by James C. Henderson

Debt is like opening your hand to find a black spot
on a dirty scrap of paper, left there
after a desperate handclasp with a blind pirate
who even though he is blind
has found you.
You were always a good lad or lassie
did what you were told
washed for supper, followed the rules
played the hand that was dealt you
even though the cards were lousy
who blamed yourself for your bad luck, who blames
yourself now for the black spot, and hopes every day
to land on Chance or win the lottery
but now that’s over—it’s time to ante up.
The pirates want their treasure back—
and you have no map, believe me you have no map.
You do have options: you could cash in your chips
and quit the game, but you have no chips to cash in.
Or you could ask for new cards
which the pirates won’t give you
because they don’t have to.
Or you could go back to college
to earn an advanced degree and get a better job
except this would only put you deeper into debt
because the pirates run the schools
and there are no better jobs.
You could ask the Squire and the Doctor for help
but they aren’t coming to your aid, not without that map.
Did you think they liked you for your sparkling personality?
No, they’ve gone over to the dark side.
Everyone is a Sith Lord now and working for the emperor.
At this point, you may have the temerity to ask
how you ever got into this game
besides being born, or you may ask to see the rules of the game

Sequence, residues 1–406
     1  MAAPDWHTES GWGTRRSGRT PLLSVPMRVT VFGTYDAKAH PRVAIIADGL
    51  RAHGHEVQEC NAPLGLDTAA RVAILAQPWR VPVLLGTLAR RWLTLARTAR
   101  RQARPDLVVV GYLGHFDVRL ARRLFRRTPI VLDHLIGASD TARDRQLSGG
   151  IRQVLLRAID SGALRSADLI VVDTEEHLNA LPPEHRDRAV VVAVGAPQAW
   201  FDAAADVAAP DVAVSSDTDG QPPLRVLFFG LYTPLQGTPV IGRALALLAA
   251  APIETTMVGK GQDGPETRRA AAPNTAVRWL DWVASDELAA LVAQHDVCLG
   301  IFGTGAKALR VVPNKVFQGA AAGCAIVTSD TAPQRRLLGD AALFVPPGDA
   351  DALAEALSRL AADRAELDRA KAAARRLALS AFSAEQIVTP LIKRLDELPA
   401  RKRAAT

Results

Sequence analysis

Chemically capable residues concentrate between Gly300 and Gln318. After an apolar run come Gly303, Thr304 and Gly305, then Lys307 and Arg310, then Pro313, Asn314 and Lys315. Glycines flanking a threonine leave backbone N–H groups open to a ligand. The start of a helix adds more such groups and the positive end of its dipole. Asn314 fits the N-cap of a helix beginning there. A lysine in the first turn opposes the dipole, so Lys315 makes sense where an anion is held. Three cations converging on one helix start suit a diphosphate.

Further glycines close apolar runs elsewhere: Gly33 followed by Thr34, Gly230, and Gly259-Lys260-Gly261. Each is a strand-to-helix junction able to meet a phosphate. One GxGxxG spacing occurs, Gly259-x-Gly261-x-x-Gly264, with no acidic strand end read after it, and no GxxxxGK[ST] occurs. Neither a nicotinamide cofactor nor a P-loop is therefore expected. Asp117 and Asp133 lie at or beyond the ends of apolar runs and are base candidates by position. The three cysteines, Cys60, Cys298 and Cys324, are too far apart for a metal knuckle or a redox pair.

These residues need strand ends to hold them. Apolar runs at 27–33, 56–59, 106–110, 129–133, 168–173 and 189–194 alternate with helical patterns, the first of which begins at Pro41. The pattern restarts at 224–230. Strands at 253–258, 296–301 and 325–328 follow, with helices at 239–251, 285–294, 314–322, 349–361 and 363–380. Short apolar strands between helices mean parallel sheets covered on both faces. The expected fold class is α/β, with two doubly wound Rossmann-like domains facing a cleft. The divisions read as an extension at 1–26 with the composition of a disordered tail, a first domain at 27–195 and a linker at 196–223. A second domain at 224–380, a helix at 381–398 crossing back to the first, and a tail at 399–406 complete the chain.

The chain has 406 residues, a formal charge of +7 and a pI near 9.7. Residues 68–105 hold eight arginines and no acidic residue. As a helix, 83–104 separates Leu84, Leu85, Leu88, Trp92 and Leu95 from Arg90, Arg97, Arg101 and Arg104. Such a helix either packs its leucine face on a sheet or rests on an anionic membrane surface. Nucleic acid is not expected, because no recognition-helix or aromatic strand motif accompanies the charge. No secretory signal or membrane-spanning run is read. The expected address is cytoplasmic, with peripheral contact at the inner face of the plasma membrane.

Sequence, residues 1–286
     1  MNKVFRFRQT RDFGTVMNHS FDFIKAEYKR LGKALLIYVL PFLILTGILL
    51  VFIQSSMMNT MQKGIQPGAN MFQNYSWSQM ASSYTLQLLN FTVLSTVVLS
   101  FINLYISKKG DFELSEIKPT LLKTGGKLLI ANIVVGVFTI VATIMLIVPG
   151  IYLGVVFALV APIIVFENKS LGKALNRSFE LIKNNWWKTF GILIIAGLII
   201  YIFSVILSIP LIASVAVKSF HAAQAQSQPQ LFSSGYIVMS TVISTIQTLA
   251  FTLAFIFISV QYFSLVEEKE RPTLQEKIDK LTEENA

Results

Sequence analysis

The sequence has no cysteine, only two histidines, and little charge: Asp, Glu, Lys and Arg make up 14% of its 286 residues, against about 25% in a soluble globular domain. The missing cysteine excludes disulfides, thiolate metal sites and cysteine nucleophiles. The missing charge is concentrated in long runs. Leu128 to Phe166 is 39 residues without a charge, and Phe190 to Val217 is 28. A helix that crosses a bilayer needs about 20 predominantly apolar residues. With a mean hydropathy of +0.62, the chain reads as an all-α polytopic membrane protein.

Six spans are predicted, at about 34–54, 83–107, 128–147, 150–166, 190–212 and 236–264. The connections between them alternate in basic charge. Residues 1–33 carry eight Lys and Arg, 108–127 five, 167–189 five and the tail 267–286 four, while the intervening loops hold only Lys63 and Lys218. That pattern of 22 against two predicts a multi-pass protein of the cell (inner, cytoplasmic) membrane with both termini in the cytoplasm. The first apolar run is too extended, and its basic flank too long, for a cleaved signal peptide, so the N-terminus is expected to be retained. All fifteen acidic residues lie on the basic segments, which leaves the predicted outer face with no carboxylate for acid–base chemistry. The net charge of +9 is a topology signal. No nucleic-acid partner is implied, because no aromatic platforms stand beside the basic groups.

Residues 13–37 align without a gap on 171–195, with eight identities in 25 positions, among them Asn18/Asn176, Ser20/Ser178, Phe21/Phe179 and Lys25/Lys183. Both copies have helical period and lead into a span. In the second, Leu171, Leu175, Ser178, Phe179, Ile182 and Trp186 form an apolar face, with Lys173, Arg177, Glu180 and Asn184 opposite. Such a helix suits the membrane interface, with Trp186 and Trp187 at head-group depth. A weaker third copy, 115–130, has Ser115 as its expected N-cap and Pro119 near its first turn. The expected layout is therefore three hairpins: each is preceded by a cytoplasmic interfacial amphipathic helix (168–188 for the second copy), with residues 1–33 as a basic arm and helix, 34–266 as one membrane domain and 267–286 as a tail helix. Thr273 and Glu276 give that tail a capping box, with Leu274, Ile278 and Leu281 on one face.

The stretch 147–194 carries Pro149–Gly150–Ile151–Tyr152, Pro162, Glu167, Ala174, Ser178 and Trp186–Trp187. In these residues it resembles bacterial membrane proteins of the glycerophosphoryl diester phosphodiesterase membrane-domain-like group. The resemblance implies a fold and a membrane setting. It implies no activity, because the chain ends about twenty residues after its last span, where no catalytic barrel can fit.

but the pirates have taken away the box top
and right now are in the other room rewriting the rules
because they’ve noticed you’re a smart cookie
and that, with enough time, you might
figure out a way to make the game fair.
Or you could go running into the dark sound stage
scurrying up and down Escher’s stairway
doing your best impression of Munch’s Scream
begging Rod Serling, at the signpost up ahead
for the key that unlocks the door of imagination
but through it all, the pirates will be
calmly waiting on your turn
at the Mobius strip that is the game board.
At this juncture, it does no good
to point out that the money on the table is fake.
Everything is fake.
It’s your lack of appreciation of this
that is holding you back.
The night terrors you feel in the wee hours
as you pace the plank in your living room
apoplectic that you will lose all you have or ever will have
are not the pangs of imminent doom
nor the portents of extinction looming
but opportunity knocking, my friend.
Jolly Roger flags are on sale at the gift shop in the lobby—
and always have been.
At this very moment, a ship lies rigged and ready in the harbor
tax deductible
waiting only for its captain to step aboard.
Or have you forgotten that Wall Street was once a port?